Ordinary People received critical acclaim. Roger Ebert gave it a full four stars and praised how the film's setting "is seen with an understated matter-of-factness. There are no cheap shots against suburban lifestyles or affluence or mannerisms: The problems of the people in this movie aren't caused by their milieu, but grow out of themselves. [...] That's what sets the film apart from the sophisticated suburban soap opera it could easily have become." He later named it the fifth best film of the year 1980; while colleague Gene Siskel ranked it the second best film of 1980. Vincent Canby writing for The New York Times called it "a moving, intelligent and funny film about disasters that are commonplace to everyone except the people who experience them." On Rotten Tomatoes, the film has an approval rating of 88%, based on 50 reviews, with an average rating of 7.93/10. The site's critical consensus reads, "Though shot through with bitterness and sorrow, Robert Redford's directorial debut is absorbing and well-acted."
Awards and nominations
- PRYOR AND ALDA PROVING STARS STILL SELL MOVIES HARMETZ, ALJEAN. New York Times 30 May 1981: 1.10.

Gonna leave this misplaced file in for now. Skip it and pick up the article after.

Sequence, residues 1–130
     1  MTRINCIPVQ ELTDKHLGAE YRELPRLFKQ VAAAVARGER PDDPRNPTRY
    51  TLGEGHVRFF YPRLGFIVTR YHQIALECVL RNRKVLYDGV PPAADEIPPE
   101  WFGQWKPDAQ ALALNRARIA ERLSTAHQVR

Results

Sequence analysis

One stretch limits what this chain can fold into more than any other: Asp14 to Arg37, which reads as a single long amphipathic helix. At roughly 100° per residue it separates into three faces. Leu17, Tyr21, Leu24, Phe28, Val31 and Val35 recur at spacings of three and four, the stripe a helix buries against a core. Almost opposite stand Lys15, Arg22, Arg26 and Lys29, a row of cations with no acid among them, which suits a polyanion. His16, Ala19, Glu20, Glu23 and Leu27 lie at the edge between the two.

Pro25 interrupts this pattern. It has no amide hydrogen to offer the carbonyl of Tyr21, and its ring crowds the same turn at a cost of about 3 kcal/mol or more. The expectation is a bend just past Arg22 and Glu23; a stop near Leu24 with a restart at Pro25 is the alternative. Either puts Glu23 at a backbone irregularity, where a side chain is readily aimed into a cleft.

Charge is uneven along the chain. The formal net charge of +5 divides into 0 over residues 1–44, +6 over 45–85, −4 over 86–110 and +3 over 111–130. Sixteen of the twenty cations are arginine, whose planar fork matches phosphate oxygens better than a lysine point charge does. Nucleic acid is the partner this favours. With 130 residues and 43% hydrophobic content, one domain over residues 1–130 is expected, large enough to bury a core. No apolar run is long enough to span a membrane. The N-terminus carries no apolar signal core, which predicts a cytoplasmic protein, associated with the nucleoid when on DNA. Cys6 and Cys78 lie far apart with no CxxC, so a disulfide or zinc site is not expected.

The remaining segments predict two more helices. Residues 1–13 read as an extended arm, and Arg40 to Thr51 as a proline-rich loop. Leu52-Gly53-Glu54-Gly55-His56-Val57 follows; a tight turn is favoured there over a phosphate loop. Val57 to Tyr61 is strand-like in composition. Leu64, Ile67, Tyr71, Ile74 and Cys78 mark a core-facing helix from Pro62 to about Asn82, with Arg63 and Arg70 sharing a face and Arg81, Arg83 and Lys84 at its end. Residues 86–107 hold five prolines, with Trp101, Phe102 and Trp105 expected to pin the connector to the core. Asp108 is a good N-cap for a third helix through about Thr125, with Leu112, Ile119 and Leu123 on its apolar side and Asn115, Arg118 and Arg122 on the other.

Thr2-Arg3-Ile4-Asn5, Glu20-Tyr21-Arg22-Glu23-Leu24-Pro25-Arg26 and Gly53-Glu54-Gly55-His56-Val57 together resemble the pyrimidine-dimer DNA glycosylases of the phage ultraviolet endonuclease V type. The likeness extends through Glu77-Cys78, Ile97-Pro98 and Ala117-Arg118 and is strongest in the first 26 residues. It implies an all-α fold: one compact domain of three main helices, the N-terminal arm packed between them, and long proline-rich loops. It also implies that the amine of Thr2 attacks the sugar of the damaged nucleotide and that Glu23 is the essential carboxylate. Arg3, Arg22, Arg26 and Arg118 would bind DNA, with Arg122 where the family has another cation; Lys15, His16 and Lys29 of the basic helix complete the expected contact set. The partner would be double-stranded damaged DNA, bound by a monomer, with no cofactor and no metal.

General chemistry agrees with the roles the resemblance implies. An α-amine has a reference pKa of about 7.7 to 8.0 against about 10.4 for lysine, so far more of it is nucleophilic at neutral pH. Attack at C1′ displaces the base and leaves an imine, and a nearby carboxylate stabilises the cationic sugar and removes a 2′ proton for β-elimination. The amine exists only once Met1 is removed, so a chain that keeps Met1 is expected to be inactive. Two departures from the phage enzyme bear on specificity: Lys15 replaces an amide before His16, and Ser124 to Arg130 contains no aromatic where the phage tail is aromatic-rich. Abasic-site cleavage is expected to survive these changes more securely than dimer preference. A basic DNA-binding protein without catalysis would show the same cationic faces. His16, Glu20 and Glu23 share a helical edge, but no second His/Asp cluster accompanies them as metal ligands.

- "25 Biggest Oscar Snubs Ever: Donald Sutherland, Ordinary People". Entertainment Weekly. Retrieved 22 June 2015.
- Martin, Linda B. (25 January 1981). "The Psychiatrist in Today's Movies: He's Everywhere and He's in Deep Trouble". The New York Times. Retrieved 13 September 2006.
- Ebert, Roger (1 January 1980). "Ordinary People review". Chicago Sun-Times. Retrieved 16 October 2018.
- "Siskel and Ebert Top Ten Lists (1969-1998)". innermind.com. Retrieved 16 October 2018.
- Canby, Vincent (19 September 1980). "Redford's Ordinary People". The New York Times. Retrieved 16 October 2018.
- "Ordinary People (1980)". Rotten Tomatoes. Fandango Media. Retrieved 14 July 2019.
- Ordinary People at Box Office Mojo
- Watkins, Roger (April 29, 1981). "CIC Sights a $235-Mil Global Windfall". Variety. p. 3.
- Fink, Robert (2010). "Prisoners of Pachelbel: An Essay in Post-Canonic Musicology". Hamburg Jahrbuch.